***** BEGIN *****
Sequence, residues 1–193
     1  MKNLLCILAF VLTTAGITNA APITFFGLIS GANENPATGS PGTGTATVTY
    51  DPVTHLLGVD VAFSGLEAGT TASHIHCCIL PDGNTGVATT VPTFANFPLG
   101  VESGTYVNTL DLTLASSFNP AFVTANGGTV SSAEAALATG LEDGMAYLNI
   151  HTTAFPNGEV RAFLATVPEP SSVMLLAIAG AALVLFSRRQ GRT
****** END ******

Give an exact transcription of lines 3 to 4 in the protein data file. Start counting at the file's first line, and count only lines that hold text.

    51  DPVTHLLGVD VAFSGLEAGT TASHIHCCIL PDGNTGVATT VPTFANFPLG
   101  VESGTYVNTL DLTLASSFNP AFVTANGGTV SSAEAALATG LEDGMAYLNI